4. Schools lack an asthma and allergy policy

A policy provides the school community with a set of guidelines to adhere to and establishes a clear, standardised approach to how the school manages pupils with asthma and allergies.

An asthma and allergy policy offers clarity and consistency and ensures a comprehensive school-wide approach to managing pupils with these conditions.

5. School overlook their responsibilities in supporting pupils with asthma and allergies to manage their own conditions

Evidence shows that empowering children to manage their own medical conditions leads to better outcomes, and schools play a role in supporting pupils with this through education programs and one-to-one support.

6. Well-meaning staff can unintentionally stigmatise pupils with asthma and allergies

Outdated policies, such as asking a child with allergies to sit alone during mealtimes or explaining that the class cannot do something because of another pupil’s allergies, can negatively impact the allergic pupil. These actions may result in pupils being bullied or feeling excluded.

7. Peer allergy bullying may stem from resentment or a lack of awareness, and many schools do not always acknowledge

Pupils with allergies may face bullying because other pupils perceive accommodations as special treatment. Raising awareness of allergies and asthma across the school community will increase understanding and empathy. Coupled with evidence-based policies, this can prevent any perceptions of special treatment.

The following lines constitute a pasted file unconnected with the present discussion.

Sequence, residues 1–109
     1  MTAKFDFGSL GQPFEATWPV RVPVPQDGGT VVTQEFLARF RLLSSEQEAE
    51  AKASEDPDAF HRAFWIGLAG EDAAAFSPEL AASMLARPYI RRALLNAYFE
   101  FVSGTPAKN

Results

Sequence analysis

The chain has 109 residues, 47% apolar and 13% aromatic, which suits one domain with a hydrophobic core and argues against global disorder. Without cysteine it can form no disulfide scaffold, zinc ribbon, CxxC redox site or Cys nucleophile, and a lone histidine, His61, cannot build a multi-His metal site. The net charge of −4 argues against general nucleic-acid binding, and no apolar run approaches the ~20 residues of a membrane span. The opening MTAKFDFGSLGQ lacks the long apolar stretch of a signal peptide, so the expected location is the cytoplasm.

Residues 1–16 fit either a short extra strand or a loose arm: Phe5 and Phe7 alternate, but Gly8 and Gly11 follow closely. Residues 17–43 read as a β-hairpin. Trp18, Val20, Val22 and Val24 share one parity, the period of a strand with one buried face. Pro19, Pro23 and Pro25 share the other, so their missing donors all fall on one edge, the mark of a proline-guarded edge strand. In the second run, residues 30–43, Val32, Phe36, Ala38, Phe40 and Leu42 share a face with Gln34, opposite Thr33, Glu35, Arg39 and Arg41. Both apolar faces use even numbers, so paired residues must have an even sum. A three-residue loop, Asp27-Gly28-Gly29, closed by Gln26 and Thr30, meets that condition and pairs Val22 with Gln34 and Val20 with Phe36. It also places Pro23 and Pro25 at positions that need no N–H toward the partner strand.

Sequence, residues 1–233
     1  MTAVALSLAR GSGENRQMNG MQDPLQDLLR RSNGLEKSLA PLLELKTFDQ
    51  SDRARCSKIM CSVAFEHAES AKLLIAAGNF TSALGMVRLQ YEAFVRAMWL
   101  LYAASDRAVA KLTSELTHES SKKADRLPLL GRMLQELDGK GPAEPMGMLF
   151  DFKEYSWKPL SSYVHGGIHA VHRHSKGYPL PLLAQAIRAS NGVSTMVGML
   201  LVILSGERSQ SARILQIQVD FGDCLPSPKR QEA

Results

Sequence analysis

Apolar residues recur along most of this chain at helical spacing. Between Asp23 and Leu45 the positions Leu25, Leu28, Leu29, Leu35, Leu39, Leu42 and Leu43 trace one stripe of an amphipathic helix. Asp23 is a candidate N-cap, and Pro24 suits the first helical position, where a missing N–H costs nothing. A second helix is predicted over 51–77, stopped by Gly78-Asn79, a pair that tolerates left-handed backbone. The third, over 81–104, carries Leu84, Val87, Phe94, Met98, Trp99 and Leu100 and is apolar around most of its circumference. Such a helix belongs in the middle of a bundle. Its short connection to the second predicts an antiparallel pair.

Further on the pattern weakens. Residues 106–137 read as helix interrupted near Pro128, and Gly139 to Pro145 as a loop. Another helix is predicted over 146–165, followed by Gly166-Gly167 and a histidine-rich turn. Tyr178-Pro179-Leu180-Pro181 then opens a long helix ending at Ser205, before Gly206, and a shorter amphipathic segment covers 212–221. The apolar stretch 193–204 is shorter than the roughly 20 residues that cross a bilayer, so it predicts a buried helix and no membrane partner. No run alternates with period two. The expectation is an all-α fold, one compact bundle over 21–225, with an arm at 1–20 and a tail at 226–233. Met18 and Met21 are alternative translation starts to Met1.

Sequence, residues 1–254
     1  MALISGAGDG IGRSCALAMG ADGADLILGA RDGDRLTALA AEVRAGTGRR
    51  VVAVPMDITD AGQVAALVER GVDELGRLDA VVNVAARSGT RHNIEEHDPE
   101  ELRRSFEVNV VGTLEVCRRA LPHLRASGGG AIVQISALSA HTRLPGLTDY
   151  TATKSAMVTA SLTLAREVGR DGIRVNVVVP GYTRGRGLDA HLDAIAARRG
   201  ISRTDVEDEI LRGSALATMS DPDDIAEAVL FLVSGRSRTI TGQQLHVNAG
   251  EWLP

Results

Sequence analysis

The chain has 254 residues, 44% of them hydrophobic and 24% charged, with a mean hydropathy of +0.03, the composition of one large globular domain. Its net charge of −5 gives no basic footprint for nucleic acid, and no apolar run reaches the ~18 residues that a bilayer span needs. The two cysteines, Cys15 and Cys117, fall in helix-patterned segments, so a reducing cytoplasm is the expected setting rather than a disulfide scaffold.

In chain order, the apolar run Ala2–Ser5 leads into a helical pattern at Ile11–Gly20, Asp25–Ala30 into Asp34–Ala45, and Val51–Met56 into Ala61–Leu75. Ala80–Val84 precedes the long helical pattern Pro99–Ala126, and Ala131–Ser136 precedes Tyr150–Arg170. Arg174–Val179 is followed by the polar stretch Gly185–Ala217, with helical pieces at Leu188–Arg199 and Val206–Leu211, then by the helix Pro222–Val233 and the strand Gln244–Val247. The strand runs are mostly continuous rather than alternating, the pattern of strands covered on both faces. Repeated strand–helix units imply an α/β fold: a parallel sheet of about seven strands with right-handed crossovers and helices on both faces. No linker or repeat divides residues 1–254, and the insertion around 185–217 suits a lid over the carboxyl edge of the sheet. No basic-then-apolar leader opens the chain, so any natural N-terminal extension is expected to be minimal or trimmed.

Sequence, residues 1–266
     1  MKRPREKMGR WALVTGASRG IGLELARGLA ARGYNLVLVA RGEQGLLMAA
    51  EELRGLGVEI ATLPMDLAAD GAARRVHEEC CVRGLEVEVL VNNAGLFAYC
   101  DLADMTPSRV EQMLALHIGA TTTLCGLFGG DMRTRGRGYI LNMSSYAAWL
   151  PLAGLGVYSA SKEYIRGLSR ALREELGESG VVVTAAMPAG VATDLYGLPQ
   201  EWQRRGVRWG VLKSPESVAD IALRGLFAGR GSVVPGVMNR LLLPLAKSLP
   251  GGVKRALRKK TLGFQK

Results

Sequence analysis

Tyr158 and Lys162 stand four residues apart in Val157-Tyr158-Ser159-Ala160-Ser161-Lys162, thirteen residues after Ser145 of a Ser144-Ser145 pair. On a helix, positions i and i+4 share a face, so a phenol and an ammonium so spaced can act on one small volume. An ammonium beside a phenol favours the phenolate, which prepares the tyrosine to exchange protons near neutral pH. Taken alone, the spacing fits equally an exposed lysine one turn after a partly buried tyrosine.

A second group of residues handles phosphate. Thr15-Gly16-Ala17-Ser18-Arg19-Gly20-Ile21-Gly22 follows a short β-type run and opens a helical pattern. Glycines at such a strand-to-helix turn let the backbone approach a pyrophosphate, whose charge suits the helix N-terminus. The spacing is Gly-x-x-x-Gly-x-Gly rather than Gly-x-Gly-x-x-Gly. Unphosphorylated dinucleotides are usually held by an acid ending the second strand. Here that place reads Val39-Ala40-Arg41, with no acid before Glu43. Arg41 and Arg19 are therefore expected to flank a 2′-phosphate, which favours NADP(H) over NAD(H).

If you would like to assess how well your school is managing pupils with asthma and allergies and meeting statutory requirements, take the scorecard now. Answer just 20 questions to receive personalized results!

Alternatively, if you would like to discuss improving support and raising allergy and asthma awareness for your school, please contact us at 020 8720 6635 or email us at

The author has made every effort to ensure the accuracy of the information contained within this article. However, the author does not accept any liability or responsibility for any inaccuracies or for any diagnosis made or actions taken based on this information.

It is strongly advised that all school staff attend Asthma, Anaphylaxis, and Allergy Awareness training to understand what to do in a medical emergency.

TEACH offers specific courses covering in detail how to support pupils with asthma and allergies. Our team are highly experienced specialist nurses who will tailor the training to your needs.

Please visit, or telephone: 020 8720 6635 for more information about our courses.


1. NHS England. Childhood Asthma. [accessed at:]

2. Gupta, R., Sheikh, A., Strachan, D P., Anderson, H R. (2007). Time trends in allergic disorders in the UK. Thorax. Jan;62(1):91-6. doi: 10.1136/thx.2004.038844.

3. BSCAI (2011). Allergy in Children. [accessed at:] [accessed on:] 16.01.2023

4. Allergy UK. Anaphylaxis and Severe Allergic Reaction. [accessed at:] [accessed on:] 16.01.2023

5. Anaphylaxis UK. Safer Schools Programme. [accessed at:] [accessed on: 16.01.2023]

6. DoH (2017). Supporting pupils at school with medical conditions. [accessed at:] [access on:] 16.01.2023

7. Miller, C. (2019). School nurse numbers in UK fall by 30% since 2010. [accessed at:] [accessed on:] 16.01.2023